Currently, there are no widespread vaccines available which prevent people from getting common warts. The only exception to this rule is a couple of specialized vaccines that have been developed to prevent warts which lead to cervical cancer in women; however, these vaccines have a mixed track record of success. All of today’s common remedies for warts instead aim at treating them after they appear on the body. The most commonly-used method to treat warts involve compounds that have a substance called salicylic acid.
You may not have heard of salicylic acid, but you have probably used another very common medicine that contains this chemical. Salicylic acid is the active ingredient in aspirin, is derived from the common willow tree, and is used in other pain and discomfort-treating medicines. Salicylic acid is a medication classified as a “keratolytic.” This means it dissolves the hard protein (or keratin) that makes up most of the wart and the thick, dead skin surrounding it, too. Once that protein is broken down and the inner surface is exposed, the wart falls off and goes away. Another frequently-used method for wart removal involves “cryotherapy.” This is a fancy word for “freezing.”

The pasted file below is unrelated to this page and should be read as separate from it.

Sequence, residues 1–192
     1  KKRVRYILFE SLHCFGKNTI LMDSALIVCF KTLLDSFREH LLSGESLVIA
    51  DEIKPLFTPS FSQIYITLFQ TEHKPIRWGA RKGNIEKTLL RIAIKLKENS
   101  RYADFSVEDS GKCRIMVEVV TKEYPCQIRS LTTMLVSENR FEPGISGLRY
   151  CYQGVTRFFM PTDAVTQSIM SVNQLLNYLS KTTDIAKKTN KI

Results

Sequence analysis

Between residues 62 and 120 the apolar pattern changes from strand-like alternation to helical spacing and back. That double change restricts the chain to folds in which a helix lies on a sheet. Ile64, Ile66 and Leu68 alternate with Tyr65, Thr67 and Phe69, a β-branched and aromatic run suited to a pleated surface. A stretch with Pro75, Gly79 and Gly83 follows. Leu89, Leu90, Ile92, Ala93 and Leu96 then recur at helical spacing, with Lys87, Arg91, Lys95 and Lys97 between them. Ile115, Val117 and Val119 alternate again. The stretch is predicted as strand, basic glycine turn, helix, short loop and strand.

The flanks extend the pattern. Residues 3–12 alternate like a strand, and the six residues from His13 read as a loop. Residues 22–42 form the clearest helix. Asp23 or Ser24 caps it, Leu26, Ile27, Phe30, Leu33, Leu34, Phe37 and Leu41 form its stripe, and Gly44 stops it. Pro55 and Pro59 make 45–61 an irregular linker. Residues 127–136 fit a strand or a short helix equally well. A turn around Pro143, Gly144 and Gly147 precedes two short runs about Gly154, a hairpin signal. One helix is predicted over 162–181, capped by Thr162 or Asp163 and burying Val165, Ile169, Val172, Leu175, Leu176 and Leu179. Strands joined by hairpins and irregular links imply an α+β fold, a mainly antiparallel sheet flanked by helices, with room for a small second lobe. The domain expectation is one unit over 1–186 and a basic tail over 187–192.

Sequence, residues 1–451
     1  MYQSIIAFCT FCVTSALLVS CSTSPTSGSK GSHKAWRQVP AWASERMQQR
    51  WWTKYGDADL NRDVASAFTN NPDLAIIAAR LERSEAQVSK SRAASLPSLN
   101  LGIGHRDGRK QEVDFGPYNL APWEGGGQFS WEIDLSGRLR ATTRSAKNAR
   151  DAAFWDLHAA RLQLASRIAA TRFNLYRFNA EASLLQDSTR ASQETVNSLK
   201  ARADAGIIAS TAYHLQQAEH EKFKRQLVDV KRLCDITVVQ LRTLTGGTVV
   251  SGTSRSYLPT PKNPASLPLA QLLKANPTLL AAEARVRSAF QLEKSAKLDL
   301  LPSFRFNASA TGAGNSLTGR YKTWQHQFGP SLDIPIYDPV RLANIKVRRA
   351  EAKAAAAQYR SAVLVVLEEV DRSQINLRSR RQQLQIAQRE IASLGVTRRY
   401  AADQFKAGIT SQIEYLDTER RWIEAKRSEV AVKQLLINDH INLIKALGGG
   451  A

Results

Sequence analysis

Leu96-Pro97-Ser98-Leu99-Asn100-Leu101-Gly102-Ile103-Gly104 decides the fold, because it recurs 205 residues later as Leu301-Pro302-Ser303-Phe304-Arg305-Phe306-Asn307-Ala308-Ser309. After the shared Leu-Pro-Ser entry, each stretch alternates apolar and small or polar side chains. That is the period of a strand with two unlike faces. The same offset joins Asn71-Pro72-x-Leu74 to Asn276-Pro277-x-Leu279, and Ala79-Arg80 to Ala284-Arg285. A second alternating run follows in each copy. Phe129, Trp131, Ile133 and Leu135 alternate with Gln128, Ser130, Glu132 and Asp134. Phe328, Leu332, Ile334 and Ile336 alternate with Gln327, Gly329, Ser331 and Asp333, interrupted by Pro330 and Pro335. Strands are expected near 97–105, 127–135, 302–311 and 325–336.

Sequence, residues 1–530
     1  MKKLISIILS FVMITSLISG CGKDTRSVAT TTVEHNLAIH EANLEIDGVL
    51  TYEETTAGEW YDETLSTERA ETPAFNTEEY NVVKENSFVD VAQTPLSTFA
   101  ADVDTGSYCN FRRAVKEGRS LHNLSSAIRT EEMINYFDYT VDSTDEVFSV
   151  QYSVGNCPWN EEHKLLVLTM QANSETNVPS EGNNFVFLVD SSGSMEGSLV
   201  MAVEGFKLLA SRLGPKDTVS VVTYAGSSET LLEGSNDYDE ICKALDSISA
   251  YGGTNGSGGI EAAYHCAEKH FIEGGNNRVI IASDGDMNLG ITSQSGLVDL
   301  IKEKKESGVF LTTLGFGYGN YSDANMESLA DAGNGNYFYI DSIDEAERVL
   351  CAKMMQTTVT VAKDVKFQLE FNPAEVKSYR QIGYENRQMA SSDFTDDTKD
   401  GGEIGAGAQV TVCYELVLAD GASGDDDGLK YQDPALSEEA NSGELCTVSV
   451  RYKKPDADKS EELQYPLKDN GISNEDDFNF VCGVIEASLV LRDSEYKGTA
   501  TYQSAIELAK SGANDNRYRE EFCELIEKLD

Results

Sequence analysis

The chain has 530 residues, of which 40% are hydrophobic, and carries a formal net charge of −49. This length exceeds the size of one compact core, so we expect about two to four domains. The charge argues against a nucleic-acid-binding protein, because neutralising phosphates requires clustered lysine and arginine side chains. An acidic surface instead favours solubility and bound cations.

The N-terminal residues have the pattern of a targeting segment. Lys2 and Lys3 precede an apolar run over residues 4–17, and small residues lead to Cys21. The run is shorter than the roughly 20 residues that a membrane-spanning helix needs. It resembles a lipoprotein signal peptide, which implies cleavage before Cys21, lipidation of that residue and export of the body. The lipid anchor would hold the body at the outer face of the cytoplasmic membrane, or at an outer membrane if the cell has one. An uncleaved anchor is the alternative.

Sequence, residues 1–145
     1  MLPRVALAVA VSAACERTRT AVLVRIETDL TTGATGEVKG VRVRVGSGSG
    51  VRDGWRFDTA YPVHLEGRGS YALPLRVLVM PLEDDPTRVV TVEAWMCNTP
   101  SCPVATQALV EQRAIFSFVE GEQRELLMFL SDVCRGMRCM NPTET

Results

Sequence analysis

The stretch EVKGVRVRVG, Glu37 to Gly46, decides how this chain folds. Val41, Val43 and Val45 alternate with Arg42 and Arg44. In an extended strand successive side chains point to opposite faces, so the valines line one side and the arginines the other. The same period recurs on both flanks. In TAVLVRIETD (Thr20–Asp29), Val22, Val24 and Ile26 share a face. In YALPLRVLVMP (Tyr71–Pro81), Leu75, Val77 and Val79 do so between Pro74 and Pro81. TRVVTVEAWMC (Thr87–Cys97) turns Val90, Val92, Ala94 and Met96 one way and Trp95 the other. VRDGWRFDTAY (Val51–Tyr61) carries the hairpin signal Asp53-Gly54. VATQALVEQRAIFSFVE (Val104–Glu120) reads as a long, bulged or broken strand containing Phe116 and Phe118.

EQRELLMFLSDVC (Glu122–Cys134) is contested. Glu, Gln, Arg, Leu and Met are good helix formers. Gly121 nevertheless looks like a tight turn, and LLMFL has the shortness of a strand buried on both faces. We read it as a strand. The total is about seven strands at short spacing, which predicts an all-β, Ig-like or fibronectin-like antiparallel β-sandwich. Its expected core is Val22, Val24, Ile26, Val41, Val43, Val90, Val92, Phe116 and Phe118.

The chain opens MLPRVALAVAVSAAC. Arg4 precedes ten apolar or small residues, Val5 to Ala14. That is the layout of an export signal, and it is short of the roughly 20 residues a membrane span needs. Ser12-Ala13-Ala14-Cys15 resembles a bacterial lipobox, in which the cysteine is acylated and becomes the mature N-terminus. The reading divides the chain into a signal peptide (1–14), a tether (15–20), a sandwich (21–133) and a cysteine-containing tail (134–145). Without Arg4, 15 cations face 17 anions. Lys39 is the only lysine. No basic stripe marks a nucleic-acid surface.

Super-cold chemicals, such as liquid nitrogen, are applied to the warts in repeated treatments and they eventually fall off. However, the average person does not have easy access to a substance like liquid nitrogen, so this option for most people is not feasible. Other commonly-used methods involve painting the wart with a substance called cantharidin, which causes a blister to form under the wart and allows the whole thing to be trimmed away in about a week. Alternatively, a physician may opt to cut away the whole wart in a minor outpatient procedure. Finally, a doctor can use electrosurgery and curettage, which involves “burning” the wart and scraping off the skin layers until the entire blemish is removed.…Learn More